Lesson Developed by
Bible Study, Appreciation of Biblical Wisdom as Guidance for Life
- Bibles: New Revised Standard or New International Versions
- Copy of “Seven Weeks to Wisdom: Week V Handout of Excerpts if you prepare one
- Writing Instruments
- Flip Chart Pad (with Post-It strip or masking tape)
- Three small different colored pads of post it notes
- Several pieces of oaktag with the following heading on each piece: The Great Book of Our Youth Group’s Wisdom: A Collection of Proverbs
- Enough 4×6 index cards for each student to have two cards
To provide the youth with: a) an understanding of Proverbial wisdom’s understanding of cause and effect: the act-consequence nature of reality; b) the value of wisdom as guidance for life.
To engage the proverbial understanding of cause and effect: The Act-Consequence Nature of Reality (and its limits).
Yale Bible Study Wisdom Literature (8 week course)
Introduction for Leaders
Here are some resources the leader may choose to review while preparing the lesson. In some circumstances, you may choose to share parts of them with your youth:
From Gerhard von Rad, Wisdom in Israel, at 124:
In both cases we are dealing with one of the main tasks which the wise men, in their search for knowledge, took upon themselves, namely with the mastering of the ‘contingent’. By the term contingent’ we mean here simply all those events which cannot be understood by man purely on the basis of a necessity with which he is familiar. Daily, incessantly, man encounters contingent events (chance events) whose meaning and inner necessity are at first hidden from him. Only occasionally does he succeed in recognizing behind the contingent event a clear, inner necessity. Then the experience loses its contingent character, and its place is taken by the awareness of an order which is at work behind the experiences. To a greater extent than modern man, ancient man was disturbed by the awareness of a superior force of
contingent events. To the extent that he regarded himself as in the power of these contingent events, so there grew the feeling of general insecurity. To him it was a threat to be ceaselessly determined and driven by events which defied all interpretation. Thus it is one of man’s basic urges to limit as far as
possible, with all the powers of the keenest observation, the sphere of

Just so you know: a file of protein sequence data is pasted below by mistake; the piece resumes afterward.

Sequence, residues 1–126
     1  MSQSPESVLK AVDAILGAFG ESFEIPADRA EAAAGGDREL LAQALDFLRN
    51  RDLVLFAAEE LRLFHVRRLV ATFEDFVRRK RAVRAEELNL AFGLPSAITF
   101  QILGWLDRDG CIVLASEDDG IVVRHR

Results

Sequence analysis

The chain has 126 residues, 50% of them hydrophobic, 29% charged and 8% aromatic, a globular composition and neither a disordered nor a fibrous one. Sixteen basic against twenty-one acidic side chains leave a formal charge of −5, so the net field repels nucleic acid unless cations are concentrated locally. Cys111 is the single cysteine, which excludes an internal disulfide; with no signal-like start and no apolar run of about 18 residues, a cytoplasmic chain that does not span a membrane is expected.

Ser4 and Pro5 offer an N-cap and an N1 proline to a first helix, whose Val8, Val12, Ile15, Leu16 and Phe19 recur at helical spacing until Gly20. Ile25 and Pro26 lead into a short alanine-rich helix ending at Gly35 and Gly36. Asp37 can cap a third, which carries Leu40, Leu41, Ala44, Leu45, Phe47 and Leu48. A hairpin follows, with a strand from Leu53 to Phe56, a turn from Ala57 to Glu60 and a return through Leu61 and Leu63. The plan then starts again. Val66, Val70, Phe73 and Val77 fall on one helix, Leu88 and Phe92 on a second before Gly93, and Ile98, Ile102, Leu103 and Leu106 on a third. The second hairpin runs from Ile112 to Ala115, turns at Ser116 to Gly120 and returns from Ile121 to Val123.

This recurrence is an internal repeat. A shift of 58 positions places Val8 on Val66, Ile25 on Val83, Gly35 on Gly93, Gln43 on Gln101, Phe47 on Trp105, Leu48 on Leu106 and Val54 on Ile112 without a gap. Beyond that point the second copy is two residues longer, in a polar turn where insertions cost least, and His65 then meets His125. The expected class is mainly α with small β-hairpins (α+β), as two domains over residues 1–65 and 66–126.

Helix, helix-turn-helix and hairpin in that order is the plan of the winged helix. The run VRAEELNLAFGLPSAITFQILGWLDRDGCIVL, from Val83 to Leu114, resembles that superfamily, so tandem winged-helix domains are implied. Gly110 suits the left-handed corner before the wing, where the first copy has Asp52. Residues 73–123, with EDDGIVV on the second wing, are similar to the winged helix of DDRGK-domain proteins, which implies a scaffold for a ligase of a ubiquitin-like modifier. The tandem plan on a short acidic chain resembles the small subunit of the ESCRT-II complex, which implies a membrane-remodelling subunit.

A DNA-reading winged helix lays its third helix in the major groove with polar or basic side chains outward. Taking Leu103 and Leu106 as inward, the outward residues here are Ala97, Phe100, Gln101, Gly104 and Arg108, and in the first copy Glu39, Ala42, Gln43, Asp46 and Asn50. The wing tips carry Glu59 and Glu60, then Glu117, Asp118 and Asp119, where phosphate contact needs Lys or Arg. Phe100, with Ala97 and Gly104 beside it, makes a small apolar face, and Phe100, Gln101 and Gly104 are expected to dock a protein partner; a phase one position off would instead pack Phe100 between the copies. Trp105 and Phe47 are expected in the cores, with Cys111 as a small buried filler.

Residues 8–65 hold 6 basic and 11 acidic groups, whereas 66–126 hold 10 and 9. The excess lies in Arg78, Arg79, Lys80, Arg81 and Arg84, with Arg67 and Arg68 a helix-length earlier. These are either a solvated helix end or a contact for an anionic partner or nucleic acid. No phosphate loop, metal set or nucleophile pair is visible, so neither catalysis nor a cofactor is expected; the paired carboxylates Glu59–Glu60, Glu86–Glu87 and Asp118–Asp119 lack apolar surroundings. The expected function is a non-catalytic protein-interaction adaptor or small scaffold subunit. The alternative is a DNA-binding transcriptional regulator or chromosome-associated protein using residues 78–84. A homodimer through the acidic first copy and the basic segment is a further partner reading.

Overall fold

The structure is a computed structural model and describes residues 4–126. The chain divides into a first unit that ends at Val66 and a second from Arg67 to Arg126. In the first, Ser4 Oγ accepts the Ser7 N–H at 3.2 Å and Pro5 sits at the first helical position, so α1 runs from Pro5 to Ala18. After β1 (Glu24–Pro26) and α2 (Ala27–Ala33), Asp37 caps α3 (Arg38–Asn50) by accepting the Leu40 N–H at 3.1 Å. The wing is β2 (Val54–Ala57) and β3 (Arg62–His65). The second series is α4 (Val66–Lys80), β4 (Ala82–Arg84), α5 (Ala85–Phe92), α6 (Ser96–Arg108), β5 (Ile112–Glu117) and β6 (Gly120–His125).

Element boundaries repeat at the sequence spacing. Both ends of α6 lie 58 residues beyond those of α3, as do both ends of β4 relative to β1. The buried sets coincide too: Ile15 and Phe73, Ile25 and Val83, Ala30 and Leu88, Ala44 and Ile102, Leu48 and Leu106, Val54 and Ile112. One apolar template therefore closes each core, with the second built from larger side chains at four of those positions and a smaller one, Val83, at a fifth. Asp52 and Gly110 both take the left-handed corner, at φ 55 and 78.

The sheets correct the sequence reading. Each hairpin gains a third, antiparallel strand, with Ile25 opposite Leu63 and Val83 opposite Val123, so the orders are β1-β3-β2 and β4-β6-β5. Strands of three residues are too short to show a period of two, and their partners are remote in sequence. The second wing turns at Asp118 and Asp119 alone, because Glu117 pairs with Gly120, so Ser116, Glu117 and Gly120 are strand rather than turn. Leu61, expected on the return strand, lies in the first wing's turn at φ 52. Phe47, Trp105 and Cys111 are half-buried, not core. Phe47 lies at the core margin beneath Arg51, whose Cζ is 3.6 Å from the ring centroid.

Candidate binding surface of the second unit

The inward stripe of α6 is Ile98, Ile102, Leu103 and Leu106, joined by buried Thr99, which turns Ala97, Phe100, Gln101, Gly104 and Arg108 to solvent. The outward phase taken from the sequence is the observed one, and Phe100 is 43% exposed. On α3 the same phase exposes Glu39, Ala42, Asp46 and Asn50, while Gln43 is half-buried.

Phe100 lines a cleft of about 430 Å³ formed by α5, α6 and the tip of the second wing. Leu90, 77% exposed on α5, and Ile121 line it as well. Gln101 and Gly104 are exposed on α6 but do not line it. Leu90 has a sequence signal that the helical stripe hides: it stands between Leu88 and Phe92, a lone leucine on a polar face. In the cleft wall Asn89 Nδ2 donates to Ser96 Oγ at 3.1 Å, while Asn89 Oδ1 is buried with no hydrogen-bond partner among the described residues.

contingency and, wherever possible, to wrest from the inscrutable,
contingent event some kind of meaning, albeit a deeply hidden one. Israel, too, took the trouble to discern in events and occurrences a
recognizable set of “inherent laws”. The next most obvious thing to do was to inquire as to what may have preceded any given event which had to be explained. Was it perhaps possible to understand the event as something which had been caused? It is on the basis of this question that one must understand those sentences which determine what usually preceded an experience.
Gather (5 minutes)
- Invite the youth to sit in a circle. As they settle down, place a candle in the center of the circle and ask one of the young people to light it.
- Offer the following prayer adapted from a Native American prayer for wisdom ( Translated by Lakota Sioux Chief Yellow Lark in 1887):
Oh, Great Spirit,
Whose voice I hear in the winds
and whose breath gives life to all the world.
Hear me! I need your strength and wisdom.
Let me walk in beauty, and make my eyes
ever hold the red and purple sunset.
Make my hands respect the things you have made
and my ears sharp to hear your voice.
Make me wise so that I may understand
the things you have taught my people.
Let me learn the lessons you have hidden
in every leaf and rock. Amen
Engage (35 minutes)
Activity 1: We Continue Compiling the Great Book of Our Youth Group’s Wisdom (20 Minutes)
- Remind the youth of last week’s conversation, and how you had reflected together on what we had learned about the nature of proverbial wisdom’s understanding of life lived out in a cause and effect/act consequence universe. The group had discussed possible examples of “cause and effect” or “act – consequence” wisdom in their weekly lives that they would consider recording and passing down to their younger siblings or friends that would help them navigate the pains and rewards of adolescent life in your community. At the close of the meeting, you asked them to take home their notes and take a swing at writing a one or two sentence proverb during the course of the week.
- Ask a volunteer to read the proverb or wisdom saying they had written down during the week, and then go around the circle offering each student an opportunity to read the proverb they had written.
- Entertain a short discussion of each proverb after it has been shared with the group. Seek, particularly, to encourage the sharing of personal stories from members of the group that illustrate or enrich their understanding of the proverb.
- At the end of the conversation, give the youth five minutes to make any changes to the proverbs they have written (or to write one if they hadn’t written one during the week).